The relationship between natural resources and armed conflict onset:"It's complicated". A quantitative analysis of how natural resources affect internal armed conflict onset during the period 1950-2003
MetadataShow full item record
The thesis examines how natural resources affect internal armed conflict onset through a quantitative analysis of data on 167 countries covering the period 1950-2003. Previous research on the relationship between natural resources and armed conflict has often not focused thoroughly on explanations. This thesis seeks to rectify this by focusing on classifying natural resources, and by focusing on the purported mechanisms that are argued to link natural resources and armed conflict onset, namely those focusing on the state, and those focusing on rebels and their motivations and opportunities. This is done through a random-effects panel data model, as well as a novel hybrid approach" combining some of the previously aspects of the previous dominant fixed -and random effects models. The thesis' central findings are that classifying natural resources is vital in understanding how they affect armed conflict onset. Among the included natural resource measures, oil, drugs and diamonds, drugs and diamonds are in part found to affect armed conflict onset. Furthermore, the thesis gives support to the notion of natural resources mainly affecting armed conflict onset through their effect on the state and its institutions. The thesis implies that research on natural resources and internal armed conflict onset, as well as policies directed at hindering armed conflict onset, perhaps should focus more on state institutions than have previously been the case.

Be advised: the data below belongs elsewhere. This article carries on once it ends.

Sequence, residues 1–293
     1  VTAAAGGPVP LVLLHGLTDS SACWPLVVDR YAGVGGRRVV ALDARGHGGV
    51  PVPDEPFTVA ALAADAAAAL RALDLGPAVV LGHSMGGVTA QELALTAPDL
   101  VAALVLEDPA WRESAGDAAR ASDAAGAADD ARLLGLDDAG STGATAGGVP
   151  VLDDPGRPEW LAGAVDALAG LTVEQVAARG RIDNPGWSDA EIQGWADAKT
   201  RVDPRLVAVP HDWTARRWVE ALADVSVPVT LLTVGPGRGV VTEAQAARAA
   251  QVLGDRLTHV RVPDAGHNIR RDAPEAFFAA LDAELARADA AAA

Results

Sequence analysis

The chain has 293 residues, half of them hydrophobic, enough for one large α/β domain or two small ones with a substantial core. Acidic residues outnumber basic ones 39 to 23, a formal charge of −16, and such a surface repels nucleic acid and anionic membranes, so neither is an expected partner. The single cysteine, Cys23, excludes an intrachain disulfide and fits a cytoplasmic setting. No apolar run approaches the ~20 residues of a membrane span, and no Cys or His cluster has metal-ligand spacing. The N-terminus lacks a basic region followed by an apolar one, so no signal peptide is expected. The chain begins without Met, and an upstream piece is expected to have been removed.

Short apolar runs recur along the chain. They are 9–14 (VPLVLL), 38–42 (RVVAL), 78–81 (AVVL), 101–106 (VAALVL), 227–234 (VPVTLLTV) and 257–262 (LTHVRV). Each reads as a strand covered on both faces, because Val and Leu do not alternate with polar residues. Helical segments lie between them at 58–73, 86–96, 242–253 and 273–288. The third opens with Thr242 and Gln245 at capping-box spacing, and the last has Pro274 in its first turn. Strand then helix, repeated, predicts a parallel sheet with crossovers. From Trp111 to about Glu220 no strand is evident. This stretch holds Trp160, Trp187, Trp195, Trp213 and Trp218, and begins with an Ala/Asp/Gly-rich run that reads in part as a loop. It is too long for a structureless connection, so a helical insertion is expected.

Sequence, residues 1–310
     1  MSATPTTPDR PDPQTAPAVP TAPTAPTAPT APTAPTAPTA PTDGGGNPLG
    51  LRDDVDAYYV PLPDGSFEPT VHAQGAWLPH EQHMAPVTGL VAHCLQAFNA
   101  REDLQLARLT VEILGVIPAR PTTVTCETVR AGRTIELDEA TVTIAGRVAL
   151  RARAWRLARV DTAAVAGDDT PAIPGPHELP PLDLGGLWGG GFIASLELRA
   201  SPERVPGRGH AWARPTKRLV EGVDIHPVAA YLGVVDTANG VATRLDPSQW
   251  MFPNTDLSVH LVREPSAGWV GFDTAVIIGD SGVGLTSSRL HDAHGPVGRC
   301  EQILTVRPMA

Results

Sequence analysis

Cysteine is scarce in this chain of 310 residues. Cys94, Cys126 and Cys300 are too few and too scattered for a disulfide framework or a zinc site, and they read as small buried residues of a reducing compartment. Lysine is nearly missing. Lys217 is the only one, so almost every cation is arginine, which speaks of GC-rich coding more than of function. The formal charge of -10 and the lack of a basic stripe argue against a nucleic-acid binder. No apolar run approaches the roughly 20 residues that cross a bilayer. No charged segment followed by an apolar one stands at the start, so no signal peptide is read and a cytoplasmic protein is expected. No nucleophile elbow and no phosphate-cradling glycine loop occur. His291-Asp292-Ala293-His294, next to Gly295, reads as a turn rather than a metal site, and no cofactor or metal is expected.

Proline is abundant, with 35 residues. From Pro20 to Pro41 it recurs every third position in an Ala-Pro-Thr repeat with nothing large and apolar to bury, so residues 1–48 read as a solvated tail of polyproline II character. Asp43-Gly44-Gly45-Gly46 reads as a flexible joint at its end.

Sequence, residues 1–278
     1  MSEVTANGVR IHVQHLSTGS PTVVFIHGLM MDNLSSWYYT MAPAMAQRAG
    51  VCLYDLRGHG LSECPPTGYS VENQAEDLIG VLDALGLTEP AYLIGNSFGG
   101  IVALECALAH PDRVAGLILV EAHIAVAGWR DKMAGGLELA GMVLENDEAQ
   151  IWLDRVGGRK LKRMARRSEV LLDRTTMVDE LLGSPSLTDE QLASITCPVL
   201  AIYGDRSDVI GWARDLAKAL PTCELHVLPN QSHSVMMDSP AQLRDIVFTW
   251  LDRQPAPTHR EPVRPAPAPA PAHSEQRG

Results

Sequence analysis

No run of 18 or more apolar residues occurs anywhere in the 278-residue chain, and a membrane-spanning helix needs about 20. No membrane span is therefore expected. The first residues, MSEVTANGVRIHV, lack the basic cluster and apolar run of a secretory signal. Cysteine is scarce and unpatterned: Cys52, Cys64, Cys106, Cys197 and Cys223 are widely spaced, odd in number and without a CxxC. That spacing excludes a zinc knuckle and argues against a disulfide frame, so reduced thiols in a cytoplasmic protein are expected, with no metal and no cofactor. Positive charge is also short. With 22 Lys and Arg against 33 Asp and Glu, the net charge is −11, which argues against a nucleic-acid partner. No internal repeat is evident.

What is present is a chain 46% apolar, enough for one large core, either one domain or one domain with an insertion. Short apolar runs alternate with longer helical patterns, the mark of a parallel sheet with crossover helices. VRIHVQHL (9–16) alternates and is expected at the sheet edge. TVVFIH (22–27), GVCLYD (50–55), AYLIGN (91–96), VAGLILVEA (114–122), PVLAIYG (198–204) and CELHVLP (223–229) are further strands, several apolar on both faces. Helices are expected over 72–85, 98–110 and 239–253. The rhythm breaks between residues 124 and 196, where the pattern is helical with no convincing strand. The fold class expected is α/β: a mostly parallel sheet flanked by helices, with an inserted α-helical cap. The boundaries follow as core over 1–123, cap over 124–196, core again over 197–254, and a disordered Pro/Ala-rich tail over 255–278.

PublisherThe University of Bergen
SubjectNatural resources; internal armed conflict; mechanisms; resource curse; Multilevel analysis; state capacity; resource classification
Showing items related by title, author, creator and subject.
What we don´t measure about human resources: towards a conceptual framework for analysing the role of soft variables in human resources management modelling Tabacaru, Mihaela (The University of Bergen, 2007)Low retention of valuable employees and difficulties in finding qualified candidates for recruitment are two issues managers face in Romania, but are a growing concern around the world (Deloitte, 2004; Holton & Naquin, ...
Child Care Practices, Resources for Care, and Nutritional Outcomes in Ghana: Findings from Demographic and Health Surveys Amugsi, Dickson Abanimi (The University of Bergen, 2015-03-19)Introduction: The overarching empirical question of this study is this: how are children growing in Ghana and how is childcare related to child growth? Child health is a fundamental public health issue, for children's ...
Human resources for emergency obstetric care in northern Tanzania: distribution of quantity or quality? Olsen, Øystein Evjen; Ndeki, Sidney; Norheim, Ole Frithjof (BioMed Central, 2005-07-29)Background: Health care agencies report that the major limiting factor for implementing effective health policies and reforms worldwide is a lack of qualified human resources. Although many agencies have adopted policy ...